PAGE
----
Not included:  International flight to and from Mytilene, Greece, insurance, drinks, and items of a personal nature.


Getting to Mytilene, Greece (airport code MJT): Please note that you need to arrive in Lesvos on the Saturday, April 21, 2018. Departure should be from Lesvos on Saturday, April 28, 2018. Please do not book your flights until we tell you that the tour is confirmed.

Tour Code: This is a standard birding tour with regular birding walks. We usually break the day into 2 parts with a pre-breakfast excursion, followed by a full day out with picnic or taverna lunch. The weather can be unsettled at this time of year, expect everything from bright and sunny weather to some cooler weather with the chance of an odd shower so prepare for all eventualities.


**Please note: Tour prices are based on quoted costs from ground operators (in Euros), estimated fuel costs, and the rate of exchange at the time of itinerary publication. The erratic nature to global financial markets makes it difficult to predict changes in costs and foreign currency exchange rates over the long term. Since tours are priced well in advance of the actual operation of the tour, tour costs, fuel costs and exchange rates can change, sometimes drastically. Depending on the extent of such changes, it may be necessary to implement a surcharge on this tour. If a surcharge is necessary, every effort will be made to minimize the amount.

RESERVATIONS: To reserve your place on this tour, complete the Registration & Release Form and mail it with your deposit of $500.00 per person to Sunrise Birding, LLC.  Instructions are on the form. Reservations are held with a deposit on a first-come, first-served basis.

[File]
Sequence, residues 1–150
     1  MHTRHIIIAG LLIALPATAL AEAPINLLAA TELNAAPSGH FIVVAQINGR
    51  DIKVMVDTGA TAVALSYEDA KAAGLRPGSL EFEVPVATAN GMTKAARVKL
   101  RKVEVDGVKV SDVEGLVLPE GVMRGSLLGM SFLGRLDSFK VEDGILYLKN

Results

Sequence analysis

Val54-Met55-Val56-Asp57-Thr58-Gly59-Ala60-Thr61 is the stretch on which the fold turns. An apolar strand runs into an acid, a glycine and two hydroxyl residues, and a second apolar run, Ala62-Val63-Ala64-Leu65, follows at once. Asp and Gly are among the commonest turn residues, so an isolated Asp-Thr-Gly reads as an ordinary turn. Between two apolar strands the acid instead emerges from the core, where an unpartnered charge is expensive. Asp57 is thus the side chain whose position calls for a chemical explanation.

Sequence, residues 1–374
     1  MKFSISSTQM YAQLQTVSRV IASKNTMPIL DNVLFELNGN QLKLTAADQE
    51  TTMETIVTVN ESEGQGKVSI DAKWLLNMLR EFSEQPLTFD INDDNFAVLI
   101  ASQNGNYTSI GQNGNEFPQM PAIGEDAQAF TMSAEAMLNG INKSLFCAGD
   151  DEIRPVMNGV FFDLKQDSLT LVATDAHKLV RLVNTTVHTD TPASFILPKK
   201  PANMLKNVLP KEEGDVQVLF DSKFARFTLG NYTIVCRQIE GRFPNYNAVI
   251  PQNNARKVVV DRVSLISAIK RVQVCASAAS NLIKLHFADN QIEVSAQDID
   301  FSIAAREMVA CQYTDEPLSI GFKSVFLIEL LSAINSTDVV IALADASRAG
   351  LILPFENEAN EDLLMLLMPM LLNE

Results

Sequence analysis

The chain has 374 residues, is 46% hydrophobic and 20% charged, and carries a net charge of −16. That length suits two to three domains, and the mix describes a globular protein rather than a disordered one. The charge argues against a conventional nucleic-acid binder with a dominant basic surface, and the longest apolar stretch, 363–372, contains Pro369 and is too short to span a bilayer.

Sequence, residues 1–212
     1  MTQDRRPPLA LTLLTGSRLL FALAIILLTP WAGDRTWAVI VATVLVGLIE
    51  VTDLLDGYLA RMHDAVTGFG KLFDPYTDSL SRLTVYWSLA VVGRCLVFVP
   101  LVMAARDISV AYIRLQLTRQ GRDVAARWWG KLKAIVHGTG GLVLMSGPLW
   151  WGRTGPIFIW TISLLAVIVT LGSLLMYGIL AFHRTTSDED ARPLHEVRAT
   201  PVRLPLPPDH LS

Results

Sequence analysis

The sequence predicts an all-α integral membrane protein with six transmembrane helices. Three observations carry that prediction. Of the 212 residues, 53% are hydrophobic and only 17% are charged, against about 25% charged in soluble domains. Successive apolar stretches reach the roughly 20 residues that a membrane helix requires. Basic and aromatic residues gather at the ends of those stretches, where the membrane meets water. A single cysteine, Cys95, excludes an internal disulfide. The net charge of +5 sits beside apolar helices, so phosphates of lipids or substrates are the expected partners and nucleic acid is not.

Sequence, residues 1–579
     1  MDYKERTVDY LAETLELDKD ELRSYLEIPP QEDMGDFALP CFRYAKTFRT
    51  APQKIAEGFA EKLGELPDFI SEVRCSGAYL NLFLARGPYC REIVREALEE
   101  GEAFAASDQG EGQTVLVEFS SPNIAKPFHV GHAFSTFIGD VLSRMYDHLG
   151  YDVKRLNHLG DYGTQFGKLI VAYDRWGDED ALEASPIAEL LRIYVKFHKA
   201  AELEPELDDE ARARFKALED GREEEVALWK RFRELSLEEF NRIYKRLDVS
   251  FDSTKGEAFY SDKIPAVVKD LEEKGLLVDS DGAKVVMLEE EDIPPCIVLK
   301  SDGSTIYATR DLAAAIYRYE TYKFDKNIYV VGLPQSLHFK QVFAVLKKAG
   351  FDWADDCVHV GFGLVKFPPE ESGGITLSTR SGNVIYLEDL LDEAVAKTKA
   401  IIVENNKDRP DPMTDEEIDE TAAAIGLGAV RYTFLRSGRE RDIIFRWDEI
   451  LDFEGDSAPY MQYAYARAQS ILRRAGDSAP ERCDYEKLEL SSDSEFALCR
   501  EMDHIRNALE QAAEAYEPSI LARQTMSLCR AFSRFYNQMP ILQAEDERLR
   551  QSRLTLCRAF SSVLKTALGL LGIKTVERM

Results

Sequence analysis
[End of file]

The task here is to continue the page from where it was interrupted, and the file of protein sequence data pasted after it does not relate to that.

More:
>Download & print the Registration Form.

Final payment is due by December 21, 2017 and must be paid by check or bank transfer. 

Cancellations and Refunds:  All cancellations must be made in writing.  In the event that you must cancel your booking at any stage, all payments you have made to Sunrise Birding, LLC will be retained by us, except at our discretion. Please ensure that you take out adequate insurance to cover this and any other eventuality as early as possible. You may have the opportunity to transfer your booking to another tour or another person, provided you are unavoidably prevented from coming on the tour. In this case, you will bear any extra costs that such changes may incur.   There are no refunds once the trip is confirmed to go ahead and no refunds will be made for unused meals, accommodations, or other trip features. 

 

Insurance:  The purchase of trip cancellation insurance is strongly recommended.  Sunrise Birding, LLC can not accept liability for airline cancellations or delays or penalties incurred by the purchase of non-refundable airline tickets or other expenses incurred by tour participants in preparing for this tour. 

Questions? Contact Gina Nichol at gina@sunrisebirding.com 
Phone: 203.453.6724

Bee-eaters. Photo by Gina Nichol.
Bee-eaters. Photo by Gina Nichol.

Bee-eaters. Photo by Gina Nichol.
Pied Avocets. Photo by Steve Bird.